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Toward a Vibrant and Symbiotic Society

The revised Immigration Control and Refugee Recognition Act, which was passed by the Diet in December 2018 and came into effect in April 2019, brought major changes to the system for admitting foreigners and managing their residence. We interviewed Shoko Sasaki, Commissioner of the newly established Immigration Services Agency, about the background to the revision of the Act and the new system.

What were the main events leading to the revision of the Immigration Control and Refugee Recognition Act?

As a virtuous economic cycle from growth to distribution has been steadily initiated thanks to the promotion of Abenomics, the active job openings-to-applicants ratio was 1.6 times in 2018 when the bill for partial amendment of the Immigration Control and Refugee Recognition Act was submitted to the Diet. Another point to consider is, with the decreasing birthrate and aging population, the working age population (aged 15 to 64) decreases every year and has even dropped to less than 60% of the total population, causing the labor shortage to be a serious problem. To deal with this imminent issue, it was necessary to build a framework as soon as possible to accept work-ready foreign nationals who possess certain expertise and skills in industrial fields where it is difficult to secure a workforce. In this context, the government submitted the bill for partial amendment of the Immigration Control and Refugee Recognition Act to the Diet and it was passed last year.

Why was the Immigration Services Agency established as a part of the revision of the Immigration Control and Refugee Recognition Act?

The number of foreign travelers to Japan continued to increase and hit an all-time high of about 31.2 million in 2018 and the number of foreign residents in Japan also hit an all-time high of about 2.73 million at the end of 2018. In this situation, the government must balance smooth entry examinations and strict immigration controls, and properly manage the residence of an increasing number of foreigners. In addition, it is also necessary to perform new operations, like making plans, framing policies, conducting comprehensive coordination to develop a system of accepting foreigners, and properly dealing with the increasing number of foreign residents along with establishment of new statuses of residence. Under these circumstances, the Ministry of Justice’s Immigration Bureau was reorganized into the Immigration Services Agency.

What is the new system for admitting foreigners?

Based on the Immigration Control and Refugee Recognition Act and other related laws, Japan admitted foreigners under several statuses of employment: Highly-skilled professionals and the like, international students, technical intern trainees1 and temporary visitors, including tourists. But considering the serious shortage of workers, the government decided to add specified skilled workers as a new status of residence.

“Specified skilled worker (i)” is the status of residence for foreign nationals engaging in work requiring skills which need considerable knowledge or experience belonging to specified industrial fields. “Specified skilled worker (ii)” is the status of residence for foreign nationals engaging in work requiring proficient skills belonging to specified industrial fields.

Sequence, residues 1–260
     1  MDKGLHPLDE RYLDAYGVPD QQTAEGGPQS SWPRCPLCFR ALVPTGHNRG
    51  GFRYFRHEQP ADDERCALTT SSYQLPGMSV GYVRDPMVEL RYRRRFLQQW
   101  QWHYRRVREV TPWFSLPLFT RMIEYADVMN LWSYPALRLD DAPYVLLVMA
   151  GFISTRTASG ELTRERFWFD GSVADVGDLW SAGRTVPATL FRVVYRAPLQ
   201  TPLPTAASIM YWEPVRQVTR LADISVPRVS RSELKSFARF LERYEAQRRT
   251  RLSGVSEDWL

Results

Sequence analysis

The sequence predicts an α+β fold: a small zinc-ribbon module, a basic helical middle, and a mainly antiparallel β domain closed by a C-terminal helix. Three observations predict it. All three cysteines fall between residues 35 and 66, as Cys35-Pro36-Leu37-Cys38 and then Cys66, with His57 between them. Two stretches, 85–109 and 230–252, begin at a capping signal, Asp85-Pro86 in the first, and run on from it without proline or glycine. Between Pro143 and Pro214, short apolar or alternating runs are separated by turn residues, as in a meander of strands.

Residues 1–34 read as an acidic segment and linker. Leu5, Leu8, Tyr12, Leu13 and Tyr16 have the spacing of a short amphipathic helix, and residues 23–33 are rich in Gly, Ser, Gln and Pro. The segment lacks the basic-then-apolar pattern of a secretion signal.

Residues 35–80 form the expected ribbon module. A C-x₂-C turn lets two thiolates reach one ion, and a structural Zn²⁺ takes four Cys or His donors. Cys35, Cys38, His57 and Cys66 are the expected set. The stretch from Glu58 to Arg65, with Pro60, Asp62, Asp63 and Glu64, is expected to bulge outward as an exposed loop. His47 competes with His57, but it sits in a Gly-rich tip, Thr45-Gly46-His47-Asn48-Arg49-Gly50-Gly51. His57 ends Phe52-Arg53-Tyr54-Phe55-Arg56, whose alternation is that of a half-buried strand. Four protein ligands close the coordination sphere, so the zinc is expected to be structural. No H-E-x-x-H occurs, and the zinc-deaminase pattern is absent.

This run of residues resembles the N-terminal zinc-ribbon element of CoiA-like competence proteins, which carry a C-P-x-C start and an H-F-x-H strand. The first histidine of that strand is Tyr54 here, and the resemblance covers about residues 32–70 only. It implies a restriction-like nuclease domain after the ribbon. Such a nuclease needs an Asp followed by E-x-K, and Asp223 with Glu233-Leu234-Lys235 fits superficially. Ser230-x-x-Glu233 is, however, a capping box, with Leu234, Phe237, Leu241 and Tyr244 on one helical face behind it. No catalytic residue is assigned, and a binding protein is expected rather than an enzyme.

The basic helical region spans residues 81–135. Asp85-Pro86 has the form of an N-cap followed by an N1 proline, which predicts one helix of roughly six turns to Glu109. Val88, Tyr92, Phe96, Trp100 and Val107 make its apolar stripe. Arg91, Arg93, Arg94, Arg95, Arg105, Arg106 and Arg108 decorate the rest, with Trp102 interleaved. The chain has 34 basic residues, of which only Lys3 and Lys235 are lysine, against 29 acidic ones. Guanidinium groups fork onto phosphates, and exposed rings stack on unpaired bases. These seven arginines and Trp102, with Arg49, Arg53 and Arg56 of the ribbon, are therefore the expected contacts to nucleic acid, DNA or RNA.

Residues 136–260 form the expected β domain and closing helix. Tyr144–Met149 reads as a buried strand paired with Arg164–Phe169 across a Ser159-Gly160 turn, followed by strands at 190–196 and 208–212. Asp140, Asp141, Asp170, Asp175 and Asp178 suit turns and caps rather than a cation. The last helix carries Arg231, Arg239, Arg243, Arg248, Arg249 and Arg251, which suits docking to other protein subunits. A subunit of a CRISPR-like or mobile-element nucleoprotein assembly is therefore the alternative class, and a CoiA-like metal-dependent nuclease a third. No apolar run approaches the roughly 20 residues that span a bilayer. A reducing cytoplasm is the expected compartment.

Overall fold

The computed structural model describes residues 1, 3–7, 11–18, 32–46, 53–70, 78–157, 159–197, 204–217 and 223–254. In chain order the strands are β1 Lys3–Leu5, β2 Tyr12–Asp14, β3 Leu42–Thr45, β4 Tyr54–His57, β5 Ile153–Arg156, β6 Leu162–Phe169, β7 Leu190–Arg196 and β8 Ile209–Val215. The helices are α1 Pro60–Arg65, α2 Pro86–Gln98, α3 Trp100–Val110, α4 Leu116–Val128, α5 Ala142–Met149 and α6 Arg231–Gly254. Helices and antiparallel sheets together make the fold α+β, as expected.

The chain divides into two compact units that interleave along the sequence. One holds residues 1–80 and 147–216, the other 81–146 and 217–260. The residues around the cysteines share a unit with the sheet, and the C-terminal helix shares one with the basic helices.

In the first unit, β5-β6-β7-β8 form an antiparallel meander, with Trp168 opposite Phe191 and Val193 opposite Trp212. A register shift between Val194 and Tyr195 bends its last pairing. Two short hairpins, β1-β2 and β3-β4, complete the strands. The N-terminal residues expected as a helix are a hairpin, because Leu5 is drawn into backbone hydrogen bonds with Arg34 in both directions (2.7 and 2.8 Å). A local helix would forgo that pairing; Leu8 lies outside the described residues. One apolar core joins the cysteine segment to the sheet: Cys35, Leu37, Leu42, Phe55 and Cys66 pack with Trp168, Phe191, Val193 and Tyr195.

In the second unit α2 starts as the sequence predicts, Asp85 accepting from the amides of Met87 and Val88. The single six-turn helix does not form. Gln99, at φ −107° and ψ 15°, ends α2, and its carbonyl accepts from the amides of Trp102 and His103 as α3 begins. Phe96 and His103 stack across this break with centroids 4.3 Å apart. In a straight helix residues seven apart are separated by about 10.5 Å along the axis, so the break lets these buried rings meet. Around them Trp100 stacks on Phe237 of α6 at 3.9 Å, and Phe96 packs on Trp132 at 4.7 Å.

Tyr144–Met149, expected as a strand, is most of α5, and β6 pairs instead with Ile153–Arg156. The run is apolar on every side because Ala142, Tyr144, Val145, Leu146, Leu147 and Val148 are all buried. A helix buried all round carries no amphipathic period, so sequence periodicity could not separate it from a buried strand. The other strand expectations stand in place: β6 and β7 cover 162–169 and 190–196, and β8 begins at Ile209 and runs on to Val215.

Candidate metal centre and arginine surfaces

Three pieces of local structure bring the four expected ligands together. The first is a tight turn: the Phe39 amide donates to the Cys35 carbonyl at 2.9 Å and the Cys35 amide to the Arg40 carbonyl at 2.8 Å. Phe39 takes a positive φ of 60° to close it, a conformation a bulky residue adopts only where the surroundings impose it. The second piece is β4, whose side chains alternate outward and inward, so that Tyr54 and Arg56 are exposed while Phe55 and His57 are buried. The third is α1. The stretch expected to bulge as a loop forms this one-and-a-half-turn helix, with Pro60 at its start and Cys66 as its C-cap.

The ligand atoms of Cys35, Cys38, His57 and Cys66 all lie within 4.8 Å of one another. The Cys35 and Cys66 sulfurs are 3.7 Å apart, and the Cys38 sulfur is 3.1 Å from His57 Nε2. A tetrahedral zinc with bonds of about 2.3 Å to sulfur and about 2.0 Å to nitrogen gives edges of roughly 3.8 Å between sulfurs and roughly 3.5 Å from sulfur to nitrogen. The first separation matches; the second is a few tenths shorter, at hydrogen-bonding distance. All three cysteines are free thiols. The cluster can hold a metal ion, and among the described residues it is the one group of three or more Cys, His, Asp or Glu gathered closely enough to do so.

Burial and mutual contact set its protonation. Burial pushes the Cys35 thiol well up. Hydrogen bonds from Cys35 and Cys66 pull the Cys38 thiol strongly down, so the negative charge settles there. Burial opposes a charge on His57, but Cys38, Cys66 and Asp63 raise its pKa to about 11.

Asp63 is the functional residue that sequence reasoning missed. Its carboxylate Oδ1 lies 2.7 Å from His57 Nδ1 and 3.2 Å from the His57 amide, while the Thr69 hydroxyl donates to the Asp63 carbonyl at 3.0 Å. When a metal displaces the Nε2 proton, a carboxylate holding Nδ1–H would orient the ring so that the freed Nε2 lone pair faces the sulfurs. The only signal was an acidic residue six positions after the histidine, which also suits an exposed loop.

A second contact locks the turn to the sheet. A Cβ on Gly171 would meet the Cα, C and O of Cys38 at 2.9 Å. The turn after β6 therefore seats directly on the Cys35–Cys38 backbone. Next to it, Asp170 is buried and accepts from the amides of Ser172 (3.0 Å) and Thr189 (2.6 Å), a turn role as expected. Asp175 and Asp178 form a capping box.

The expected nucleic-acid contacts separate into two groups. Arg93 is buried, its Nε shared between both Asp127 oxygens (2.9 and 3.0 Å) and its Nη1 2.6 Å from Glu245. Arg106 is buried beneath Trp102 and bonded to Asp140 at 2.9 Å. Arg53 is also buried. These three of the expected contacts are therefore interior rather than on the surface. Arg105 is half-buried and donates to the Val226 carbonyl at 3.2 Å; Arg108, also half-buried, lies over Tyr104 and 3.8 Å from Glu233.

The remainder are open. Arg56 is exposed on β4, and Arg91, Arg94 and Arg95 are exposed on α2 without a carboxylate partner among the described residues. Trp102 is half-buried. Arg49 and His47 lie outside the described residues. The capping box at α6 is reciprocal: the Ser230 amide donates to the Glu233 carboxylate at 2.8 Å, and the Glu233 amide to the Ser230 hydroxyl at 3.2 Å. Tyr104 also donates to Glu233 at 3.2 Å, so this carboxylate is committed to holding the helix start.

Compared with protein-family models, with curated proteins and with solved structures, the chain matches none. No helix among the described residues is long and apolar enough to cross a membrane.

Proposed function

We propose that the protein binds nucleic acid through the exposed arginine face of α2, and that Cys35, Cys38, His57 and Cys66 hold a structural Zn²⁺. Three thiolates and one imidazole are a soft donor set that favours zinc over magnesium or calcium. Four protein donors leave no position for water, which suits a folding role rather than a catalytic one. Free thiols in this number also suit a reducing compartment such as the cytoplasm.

“Specified Industrial Fields” include fourteen fields2, including Nursing Care and Building cleaning management. Specified skilled worker (ii) is only applicable for the construction industry and the shipbuilding and ship machinery industry.

For people who receive the status of residence of specified skilled worker (i), their maximum period of residence is five years in total. Skill level is confirmed by exams. Level of Japanese-language proficiency is confirmed by exams related to Japanese language proficiency required for everyday living and business. Accompaniment by family members is basically not permitted. Foreign nationals who have completed technical intern training (ii) with good results will be exempted from taking tests.

What efforts are being made to accept foreigners under the new system?

It is important to construct an environment for accepting foreigners to realize a vibrant, symbiotic society in which the Japanese people and foreigners can respect each other. Based on the Comprehensive Measures for Acceptance and Coexistence of Foreign Nationals, which was drawn up in December 2018, the government will carry out various measures, including support for local governments to set up one-stop help desks for foreigners.

In addition, the government will also promote the merits of working in rural areas so that foreigners will show interest in working in rural areas as well as big cities.

What are your aspirations for the future?

We will properly manage and operate the new “Specified skilled worker” status of residence system so that it will be welcomed by both Japanese society and foreign workers. In addition, to realize a better symbiotic society with foreigners, we will work hard so that the Immigration Services Agency can exert a strong comprehensive coordination capability. We will also work hard to make the Immigration Services Agency an organization that is trusted by people inside and outside of the country.

1 Technical intern trainees are foreigners who reside in Japan to acquire skills and knowledge under the technical intern training system intended to transfer skills to developing countries.
2 Nursing Care, Building cleaning management, Forges and foundries, Machine parts & tooling industries, Electric, electronics and information industries, Construction industry, Shipbuilding/ship machinery industry, Automobile maintenance, Aviation industry, Accommodation industry, Agriculture, Fishery & aquaculture, Manufacture of food and beverages, Food service industry.